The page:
Is a Just and Right Wage Worth a Five Dollar Big Mac?

While a Huffington Post article understates the cost of labor in the low-wage fast food industry, Ryan Chittum points out that labor accounts for about 25 percent of fast food prices:

Worldwide, those franchisees took in $70 billion in revenue last year, and US stores took in $31 billion of that. McDonald’s Corporation doesn’t break out similar expense numbers for its franchisees, so the best I can do is research from Janney Capital Markets. It puts labor costs for US franchises at 24 percent of sales, which gibes with McDonald’s company-owned stores. Janney estimates franchisee operating income at just 5 percent.

If Janney is right (and I’m a bit skeptical. Five percent margins seem awfully low), McDonald’s franchisees in the US pay out, very roughly, $7.4 billion in labor costs a year and make about $1.6 billion in operating profit. Doubling pay without dipping into profit would mean menu prices would have to rise 24 percent—and that’s assuming such price increases wouldn’t hurt sales, which they would.

I’ve never like the phrase working poor–they should be called impoverished workers. When people who work full time and are still poor (or nearly so), this is something the rest of us have done to them. Would we be willing to pay 25 percent more for a pizza or a hamburger? Or even fifteen percent? (After all, some low wage workers do make more than the minimum, so it might not be a full 25 percent increase). And I have no idea how wages contribute to supermarket prices, but would people put up with, let’s say, a ten percent increase in prices?

For me, I live in a place where the cost of housing swamps everything else, so while I wouldn’t want to pay higher prices (like my Uncle Harry used to say, rich or poor, it’s always good to have money), it wouldn’t be that big a deal.

On the other hand, I hate to write this, but I think many people when confronted with this choice would choose the lower wages. There are many people who think low wage workers have brought their crappy wages on themselves. It really comes down to whether one thinks all labor has worth.

Though if the Great Pizza Crisis of 2008 (brought on by higher flour prices) is any indication, fast food chains might just start cutting back on food portions. Not sure that’s a bad thing.

I guess one could say there’s no free lunch here….

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8 Responses to Is a Just and Right Wage Worth a Five Dollar Big Mac?

  1. pombegeek says:

    I think everyone deserves a livable wage, but what about getting paid what your product is worth. Wouldn’t you argue that a Fast Food worker deserves less than a teacher, not more. Here in St. Louis, fast food workers are asking for $15/hour! That’s more than some teachers make!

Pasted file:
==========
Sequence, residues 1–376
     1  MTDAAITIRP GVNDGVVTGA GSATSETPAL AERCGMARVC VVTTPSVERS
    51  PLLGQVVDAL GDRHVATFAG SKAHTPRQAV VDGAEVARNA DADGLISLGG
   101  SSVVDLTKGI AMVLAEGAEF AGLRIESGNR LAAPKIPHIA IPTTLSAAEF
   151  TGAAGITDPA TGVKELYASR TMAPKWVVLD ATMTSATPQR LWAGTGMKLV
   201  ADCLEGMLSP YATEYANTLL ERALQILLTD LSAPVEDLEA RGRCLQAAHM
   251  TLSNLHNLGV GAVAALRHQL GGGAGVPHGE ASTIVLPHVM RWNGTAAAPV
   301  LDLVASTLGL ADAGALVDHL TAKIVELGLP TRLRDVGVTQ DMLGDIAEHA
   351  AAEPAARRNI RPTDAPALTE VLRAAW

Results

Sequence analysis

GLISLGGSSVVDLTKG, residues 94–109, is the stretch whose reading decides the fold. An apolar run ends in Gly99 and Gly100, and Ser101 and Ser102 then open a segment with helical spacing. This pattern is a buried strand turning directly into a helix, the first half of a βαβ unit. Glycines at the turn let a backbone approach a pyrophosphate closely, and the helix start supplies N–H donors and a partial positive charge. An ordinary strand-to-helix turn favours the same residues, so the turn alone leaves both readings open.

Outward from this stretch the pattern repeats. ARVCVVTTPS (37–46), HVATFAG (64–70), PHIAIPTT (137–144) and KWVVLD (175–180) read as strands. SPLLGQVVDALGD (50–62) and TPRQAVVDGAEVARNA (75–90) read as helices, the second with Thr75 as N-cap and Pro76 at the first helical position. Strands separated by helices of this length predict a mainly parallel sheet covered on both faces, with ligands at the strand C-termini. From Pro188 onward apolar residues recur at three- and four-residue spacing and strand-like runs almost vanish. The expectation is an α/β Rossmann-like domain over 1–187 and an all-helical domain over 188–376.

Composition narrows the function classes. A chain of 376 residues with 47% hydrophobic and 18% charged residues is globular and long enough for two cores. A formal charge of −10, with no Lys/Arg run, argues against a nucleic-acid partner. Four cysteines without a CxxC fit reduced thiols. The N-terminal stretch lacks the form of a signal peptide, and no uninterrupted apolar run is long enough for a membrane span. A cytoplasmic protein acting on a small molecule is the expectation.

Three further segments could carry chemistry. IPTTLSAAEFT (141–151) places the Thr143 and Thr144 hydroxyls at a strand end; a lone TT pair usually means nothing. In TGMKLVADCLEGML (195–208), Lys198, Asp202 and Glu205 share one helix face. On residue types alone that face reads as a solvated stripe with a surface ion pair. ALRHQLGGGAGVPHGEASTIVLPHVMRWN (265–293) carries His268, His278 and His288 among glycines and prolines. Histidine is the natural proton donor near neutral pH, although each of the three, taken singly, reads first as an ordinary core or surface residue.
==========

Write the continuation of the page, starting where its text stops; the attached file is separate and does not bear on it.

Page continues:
• That means that teachers are underpaid, not that McDonald’s workers should make less, right?

      • pombegeek says:

        Correct. My point is not to hold one set of workers down, but to point out the larger issue that there are many professions that don’t make or barely make a livable wage.

  2. First of all, not all of the employees would be receiving wage increases – why are managers, etc included in the calculations – they already make much more than minimum wage.

    Secondly, the increase in the cost of a Big Mac needs to be corrected. Because increases in minimum wages stimulate the economy, increase jobs and other wages, etc, the true ‘extra’ cost of that Big Mac, over time, may be a negative number.

    Third, there is, to my mind, no moral justification for allowing non livable wages. All workers would be recompensed with the same basic benefits as management in an ethical society. The percentage of part-time employees should be limited.

    You either make a society based on social justice, or you might as well allow child labor and poorhouses. This in-between amoral capitalism is for the birds.

  3. Min says:

    Suppose that the minimum wage workers at McDonald’s were slaves instead. What would the cost of a Big Mac be then? After all, McDonald’s would have to provide food, shelter, clothing, health care, and retirement to their slaves, something that McDonald’s itself estimates would cost nearly double the current minimum wage.

  4. Hamer says:

    I think the bigger issue is here is these low cost jobs only exist because the goverment subsidizes them. Or more accurately, these companies have externalized their labor costs on to the goverment. Take away earned income credit, food stamps, medicaid, housing subsidies, etc and these workers would be more likely mugging you than serving you hamburgers. These businesses need to pay the true costs of their laborers.

    At the same time, we need to correct the excesses at the other end of the pay scale. I’ve long thought the maximum deduction a business should get for an employee’s labor is equal to the president’s salary ($400,000). If a Company wants to pay a CEO $20 million they can pay the tax on it. Capital gains above a certian value would be taxed as income. No more deferred income schemes, limit the size of tax deferred investments (no more $100 million dollar Romney IRAs). Mandatory minimums for financial fraud or knowingly exploiting a fiduciary relationship. No more carried interest for hedge funds. Corporations over a certian size pay a minimum tax rate. Limit the amount of money states and local govts can provide businesses in tax reductions, property or other concessions to relocate or build. The list goes on and on.

  5. hipparchia says:

    ” Would we be willing to pay 25 percent more for a pizza or a hamburger?”

    pizza yes, hamburger no. I would gladly pay double for mcdonalds coffee though.

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